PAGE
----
After I started the course I had an immediate response - I had about a week with no pain for the first time in years. I got pretty ecstatic. Then it all came back. Worse. I had an existential crisis since you’re told by pelvic Dr’s in the medical community that its typical for PN to come and go (this is another mind virus that’s terribly damaging psychologically, as the brain wants linear healing but that’s not how it works. So you never know if you’re healing - could just be a flare in their world). The reality is the flaring is the best clue that it’s mind body. LF assured me this was typical, was progress, and should give me confidence that it has to be mind body. So I kept at it and it waned again. And it came back. Then I had another breakdown when it wasn’t gone by the time the course was over, even though I understood and was told not to focus on the timeline. I made the decision and felt, rather than intellectualized, that I was on the right path. That was a big moment, although I didn’t understand it as such then - I was deciding something in my life based on how I felt about it. I wasn’t a general, architecting my life strategy based completely on logic with no regard to how I felt about anything other than checking off a list of things that would be deemed successful were I to accomplish them.

    I was functional now, but it took something like a year for the pain to fully go away. The final piece was very cliched as far as TMS healing goes. I sort of gave up on healing any further. I got on with my life, quit focusing on not only the pain, but on any effort to make it go away. I just tried to act like a normal person - normal people don’t read TMS feeds all day (which is why I’m not coming back to read this, I’m sorry), they don’t listen to TMS podcasts 6 hours a day, they don’t read TMS books over and over (I did all this stuff), they don’t meditate to make the pain go away, they don’t journal, they just live. Just live became my mantra, with a focus on doing things that fully engaged me. If something moved me - if I ever felt a tear come to my eye, I pursued it no matter how stupid I intellectually thought it was. I even listened to a Taylor Swift song as a middle aged man over and over again just because I liked it. I couldn’t tell you when the pain finally vanished, as I had just “moved it out” of my mind. I just sort of noticed that it wasn’t there one day. But it’s been over a year since I remember any substantial pain. I’m pain free now. Wow I never thought I’d write those words. I almost put myself in the ground and destroyed the lives of my loved ones along with mine. I also had lots of obvious muscular disfunction from it and that’s all gone. One last thing - during the year after the course I had symptoms move all over my body. It sucked. It scared me every time and I ended up w/ lots of dr’s appointments to rule stuff out. Eventually I quit those also as no one gets 15 symptoms in one year (and as a TMS’er I know you want the list of symptoms - stop it ;) ). That’s TMS as plain as day. Those all went away too. I really truly hope this helps someone, as other people’s posts helped me (and LF - she has so much more wisdom than my Dr had). Best of luck to you if you have this. It’s 100% TMS, ugly MRI or not (mine was “ugly” as it “clearly showed PN”). Reach out for help though. Sometimes trying to “go it alone” is ... not the way. Even if you’re a loner....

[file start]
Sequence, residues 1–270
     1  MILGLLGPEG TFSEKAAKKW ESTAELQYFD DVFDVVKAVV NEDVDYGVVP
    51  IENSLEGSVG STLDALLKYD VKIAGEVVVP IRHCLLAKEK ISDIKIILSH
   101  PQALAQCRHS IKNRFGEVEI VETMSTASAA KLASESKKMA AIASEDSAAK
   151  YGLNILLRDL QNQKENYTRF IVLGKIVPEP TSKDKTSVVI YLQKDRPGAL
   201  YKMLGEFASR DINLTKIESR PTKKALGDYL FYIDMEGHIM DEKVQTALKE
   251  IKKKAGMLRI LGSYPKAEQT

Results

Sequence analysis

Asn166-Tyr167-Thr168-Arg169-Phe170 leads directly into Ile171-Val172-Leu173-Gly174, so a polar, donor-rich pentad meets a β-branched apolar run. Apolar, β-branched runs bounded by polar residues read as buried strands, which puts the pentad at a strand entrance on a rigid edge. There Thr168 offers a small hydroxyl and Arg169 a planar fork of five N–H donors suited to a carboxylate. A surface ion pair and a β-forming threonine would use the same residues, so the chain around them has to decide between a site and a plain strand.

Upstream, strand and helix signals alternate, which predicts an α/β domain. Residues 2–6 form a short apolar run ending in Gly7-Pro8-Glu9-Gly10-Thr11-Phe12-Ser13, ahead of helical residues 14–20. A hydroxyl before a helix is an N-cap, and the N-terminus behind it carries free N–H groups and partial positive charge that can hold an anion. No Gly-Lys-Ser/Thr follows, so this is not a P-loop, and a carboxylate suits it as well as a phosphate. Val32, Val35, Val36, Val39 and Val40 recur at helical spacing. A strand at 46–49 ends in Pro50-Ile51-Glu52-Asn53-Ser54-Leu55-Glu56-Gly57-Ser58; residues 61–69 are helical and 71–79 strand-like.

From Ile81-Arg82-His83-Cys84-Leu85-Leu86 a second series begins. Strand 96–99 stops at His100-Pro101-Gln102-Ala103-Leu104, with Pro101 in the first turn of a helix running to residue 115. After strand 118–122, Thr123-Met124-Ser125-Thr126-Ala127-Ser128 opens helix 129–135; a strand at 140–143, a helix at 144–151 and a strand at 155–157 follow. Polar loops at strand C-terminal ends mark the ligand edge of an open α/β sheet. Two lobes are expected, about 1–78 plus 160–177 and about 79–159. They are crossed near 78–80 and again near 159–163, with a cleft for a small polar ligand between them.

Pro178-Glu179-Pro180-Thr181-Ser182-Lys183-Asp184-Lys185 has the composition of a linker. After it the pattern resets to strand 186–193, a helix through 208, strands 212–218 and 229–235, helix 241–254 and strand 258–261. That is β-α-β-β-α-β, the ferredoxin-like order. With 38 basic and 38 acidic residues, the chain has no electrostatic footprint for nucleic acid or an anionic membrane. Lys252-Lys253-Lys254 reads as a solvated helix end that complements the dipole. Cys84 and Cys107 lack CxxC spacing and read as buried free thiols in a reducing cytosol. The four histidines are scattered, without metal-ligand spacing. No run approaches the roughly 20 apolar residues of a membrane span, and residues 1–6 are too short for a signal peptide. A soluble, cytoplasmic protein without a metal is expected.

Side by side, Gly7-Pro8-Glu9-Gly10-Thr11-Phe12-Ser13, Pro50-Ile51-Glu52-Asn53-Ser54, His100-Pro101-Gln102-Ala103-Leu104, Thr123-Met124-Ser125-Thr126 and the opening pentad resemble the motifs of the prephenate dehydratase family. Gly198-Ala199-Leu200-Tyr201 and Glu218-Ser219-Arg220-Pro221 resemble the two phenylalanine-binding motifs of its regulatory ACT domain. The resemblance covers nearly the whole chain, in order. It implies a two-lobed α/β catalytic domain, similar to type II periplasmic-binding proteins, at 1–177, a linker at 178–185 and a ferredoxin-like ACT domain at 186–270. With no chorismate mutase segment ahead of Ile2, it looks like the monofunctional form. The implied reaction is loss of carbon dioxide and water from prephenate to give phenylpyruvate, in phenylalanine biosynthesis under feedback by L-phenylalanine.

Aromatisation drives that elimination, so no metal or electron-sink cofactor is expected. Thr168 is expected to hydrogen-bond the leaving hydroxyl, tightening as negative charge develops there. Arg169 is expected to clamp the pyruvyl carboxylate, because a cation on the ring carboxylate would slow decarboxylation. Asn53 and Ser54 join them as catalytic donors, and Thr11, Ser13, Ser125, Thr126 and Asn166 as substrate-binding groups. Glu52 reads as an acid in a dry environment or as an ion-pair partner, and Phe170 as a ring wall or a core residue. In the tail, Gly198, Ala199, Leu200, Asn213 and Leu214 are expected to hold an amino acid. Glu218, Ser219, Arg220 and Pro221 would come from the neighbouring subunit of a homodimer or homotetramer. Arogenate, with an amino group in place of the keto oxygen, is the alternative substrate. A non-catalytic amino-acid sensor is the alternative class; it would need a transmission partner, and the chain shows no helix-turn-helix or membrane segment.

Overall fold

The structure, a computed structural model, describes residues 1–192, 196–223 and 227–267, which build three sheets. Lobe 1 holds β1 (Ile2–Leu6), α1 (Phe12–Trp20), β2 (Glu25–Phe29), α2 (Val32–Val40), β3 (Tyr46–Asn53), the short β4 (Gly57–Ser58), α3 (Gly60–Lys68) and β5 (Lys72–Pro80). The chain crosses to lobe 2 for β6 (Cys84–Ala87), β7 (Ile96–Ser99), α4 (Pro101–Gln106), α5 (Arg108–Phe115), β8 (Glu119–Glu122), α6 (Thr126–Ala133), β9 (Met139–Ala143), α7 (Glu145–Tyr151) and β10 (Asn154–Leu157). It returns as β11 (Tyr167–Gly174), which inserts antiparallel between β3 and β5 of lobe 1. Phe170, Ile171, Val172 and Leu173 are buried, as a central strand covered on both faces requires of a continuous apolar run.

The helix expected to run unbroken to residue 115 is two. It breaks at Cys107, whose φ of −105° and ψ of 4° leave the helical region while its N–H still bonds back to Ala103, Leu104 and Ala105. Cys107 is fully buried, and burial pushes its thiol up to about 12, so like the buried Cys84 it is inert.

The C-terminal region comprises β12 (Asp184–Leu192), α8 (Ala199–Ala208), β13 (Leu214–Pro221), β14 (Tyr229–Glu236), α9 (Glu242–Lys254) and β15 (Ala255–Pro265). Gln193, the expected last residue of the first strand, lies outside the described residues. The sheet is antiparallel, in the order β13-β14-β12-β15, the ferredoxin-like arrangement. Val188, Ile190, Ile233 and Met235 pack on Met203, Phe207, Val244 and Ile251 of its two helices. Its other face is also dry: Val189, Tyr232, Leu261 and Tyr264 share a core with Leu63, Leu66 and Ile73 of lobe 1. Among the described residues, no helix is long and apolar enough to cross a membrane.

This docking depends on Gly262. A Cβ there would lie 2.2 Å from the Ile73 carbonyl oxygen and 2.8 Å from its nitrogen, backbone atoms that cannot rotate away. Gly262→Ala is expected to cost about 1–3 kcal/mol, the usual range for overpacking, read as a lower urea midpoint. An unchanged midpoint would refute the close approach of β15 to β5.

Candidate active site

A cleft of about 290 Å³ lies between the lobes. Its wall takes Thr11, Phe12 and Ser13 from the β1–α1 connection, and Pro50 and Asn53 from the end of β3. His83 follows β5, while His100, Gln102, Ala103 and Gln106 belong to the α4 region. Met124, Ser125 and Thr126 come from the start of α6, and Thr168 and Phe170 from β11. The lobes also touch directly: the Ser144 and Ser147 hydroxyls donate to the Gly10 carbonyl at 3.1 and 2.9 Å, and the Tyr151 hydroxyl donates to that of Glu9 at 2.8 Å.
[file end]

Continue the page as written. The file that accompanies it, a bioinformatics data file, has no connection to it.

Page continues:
2. JanAtheCPA

    JanAtheCPA Beloved Grand Eagle

    Absolutely spot on. And a great example of thinking outside the box.

    Too many people get stuck on Dr. Sarno and are not willing (for a myriad of reasons, including fear and/or rigidity) to explore beyond his theories. The fact is that we need to consider the state of neuroscience and mindbody knowledge when he wrote his books. He himself was apparently acknowledging that change and progress were continuing to happen as he neared the end of his career.

    There are many, many ways to do this work, even as the core tools (facing fear, mindful awareness, self-compassion, and acceptance) remain essential for success.
    Last edited: Jan 14, 2021
    tmstraveler and braveheart like this.
  3. PsychePsyche

    PsychePsyche New Member

    Such an inspiring story. It's not about perfect. It's about effort. And when you bring that effort every single day, that's where transformation happens. That's how change occurs.
    tmstraveler and JanAtheCPA like this.
  4. jamejamesjames1

    jamejamesjames1 Peer Supporter



    If it all came back today, what would you do? "Nothing" and commit to living life normally? Or would you take some course or do some techniques?

    I ask because I got over it as well years and years ago. It came roaring back so I figured I had more "work" to do and couldn't remember what I had done to get over it the first time (maybe I also stopped?)

    So I've spent the better part of a year trying to "beat this thing" and I'm as bad as I've ever been.

    I'm thinking I should also stop. Stop trying and just live. That can be very hard with pain and for me thinking if I'm not doing anything about it then it'll never go away or just get worse, ya know? Thats how it feels emotionally and I get tons and anxiety when I "skip" my healing techniques
  5. Bananas00

    Bananas00 Peer Supporter

    Hi ! Thank you for sharing your story. As a new PNer, it gives me hope.